E-waste Statistics Lead to More Avenues for Recycling

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Electronic waste has become a sad reality of this modern age. Computers, ipods, and cellular devices are some of the most prolific material items in the world, and the waste that results from these devices has become the largest solid waste stream in the world. There are two major problems that stem from this. First, the waste is not biodegradable, and second, the waste is extremely hazardous. The majority of our waste is shipped to developing countries and health problems arise as a result of improper disposal methods within these countries. The United States is responsible for much of this, as we are one of the only remaining countries (and the only developed country) who ships it hazardous e-waste to other countries. It is time we implemented a great electronic circle of life, in which our devices are recycled and reused, rather than left in our landfills or shipped to other nations.

It begins with you. You buy the devices- millions of laptops, ipods, and iphones are sold every day in the United States. Many of these devices are rather disposable. In the last few years, the average lifespan of a laptop has shrunk to around 2 years. The average lifespan of an ipod or iphone is about the same, as the lithium batteries within the ipod or iphone usually last about 400 charges, or two years of regular use. Thus, our devices are meant to be disposable, as newer, faster devices are being produced at a more rapid rate to keep up with the rate of technology change.

The great electronic circle of life must begin sometime within this average two year lifespan of the laptop, iphone, or ipod. When one of these items breaks down, the majority of people simply dispose of the old one and buy a new one. The first step that we as consumers must take to help prevent e-waste from continuing to pollute our environment is to reuse our broken devices by buying new or refurbished parts. Many of the common problems that people run into with an iphone or ipod are simple to repair, such as a screen or battery replacement. If it is not an easy repair, there are plenty of self-help manuals online or inexpensive repair services which make it an easy process to repair one's iphone, ipod, or laptop. It is all at your Google-searching fingertips.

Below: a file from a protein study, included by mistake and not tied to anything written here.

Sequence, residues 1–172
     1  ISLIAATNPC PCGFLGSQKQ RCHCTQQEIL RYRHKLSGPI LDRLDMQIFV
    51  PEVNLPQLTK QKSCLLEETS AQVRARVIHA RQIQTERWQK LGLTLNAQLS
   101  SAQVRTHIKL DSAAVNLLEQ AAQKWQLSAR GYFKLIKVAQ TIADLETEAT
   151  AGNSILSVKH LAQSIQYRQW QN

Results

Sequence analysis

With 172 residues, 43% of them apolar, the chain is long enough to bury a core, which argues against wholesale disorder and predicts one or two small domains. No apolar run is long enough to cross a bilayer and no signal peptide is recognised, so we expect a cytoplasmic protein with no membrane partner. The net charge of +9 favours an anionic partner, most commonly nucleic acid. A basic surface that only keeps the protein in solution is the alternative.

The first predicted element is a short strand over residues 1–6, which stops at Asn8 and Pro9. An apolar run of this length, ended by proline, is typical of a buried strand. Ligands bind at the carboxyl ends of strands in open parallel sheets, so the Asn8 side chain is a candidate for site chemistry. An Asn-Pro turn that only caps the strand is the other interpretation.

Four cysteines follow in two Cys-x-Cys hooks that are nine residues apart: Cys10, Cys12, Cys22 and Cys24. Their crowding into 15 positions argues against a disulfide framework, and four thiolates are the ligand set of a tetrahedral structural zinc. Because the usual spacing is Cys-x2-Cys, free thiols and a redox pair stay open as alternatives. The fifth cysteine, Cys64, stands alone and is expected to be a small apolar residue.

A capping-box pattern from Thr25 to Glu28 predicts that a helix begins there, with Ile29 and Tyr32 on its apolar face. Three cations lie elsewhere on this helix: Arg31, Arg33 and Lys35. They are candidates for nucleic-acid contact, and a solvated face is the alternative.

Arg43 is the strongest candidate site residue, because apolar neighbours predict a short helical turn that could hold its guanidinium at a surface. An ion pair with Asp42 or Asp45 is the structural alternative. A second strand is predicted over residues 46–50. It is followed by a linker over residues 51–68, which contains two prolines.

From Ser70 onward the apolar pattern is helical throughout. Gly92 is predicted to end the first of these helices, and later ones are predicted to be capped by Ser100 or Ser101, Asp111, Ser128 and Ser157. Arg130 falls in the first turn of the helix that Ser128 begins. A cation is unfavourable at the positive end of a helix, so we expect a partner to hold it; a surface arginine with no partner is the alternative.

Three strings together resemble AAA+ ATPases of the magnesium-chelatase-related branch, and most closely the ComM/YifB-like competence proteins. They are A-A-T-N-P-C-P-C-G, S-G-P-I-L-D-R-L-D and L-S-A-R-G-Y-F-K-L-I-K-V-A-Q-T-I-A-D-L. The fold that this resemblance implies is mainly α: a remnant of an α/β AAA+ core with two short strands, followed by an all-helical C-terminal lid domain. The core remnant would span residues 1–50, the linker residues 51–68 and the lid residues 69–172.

The second step in the electronic circle of life is to recycle the device at the end of its lifetime. If you are looking to update your device or if your device is not cost-effective to fix, the best option is to recycle the laptop computer, ipod, or cell phone. You can get cash to recycle your ipod, iphone, or laptop, even if it is broken. When you recycle your electronic devices, the parts are disposed of in an earth-friendly manner or reused in other electronic devices; thus, this completes the great electronic circle of life.

This process is simple and it needs to be implemented in our daily actions. We must view our electronics as recyclable and reusable items. Our planet is precious and we cannot continue to take it for granted by caring more for consumerism and materialism than we do for our own health and our own environment. We must reuse the parts from our electronic devices and recycle the parts we cannot reuse. So go out, spread the news and recycle your devices!

Katy Marie is a freelance writer. It's easy to fix your broken iphone at iPhone Parts Pro! or your broken laptop at Laptop Aid!

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Occupation: Freelance writer

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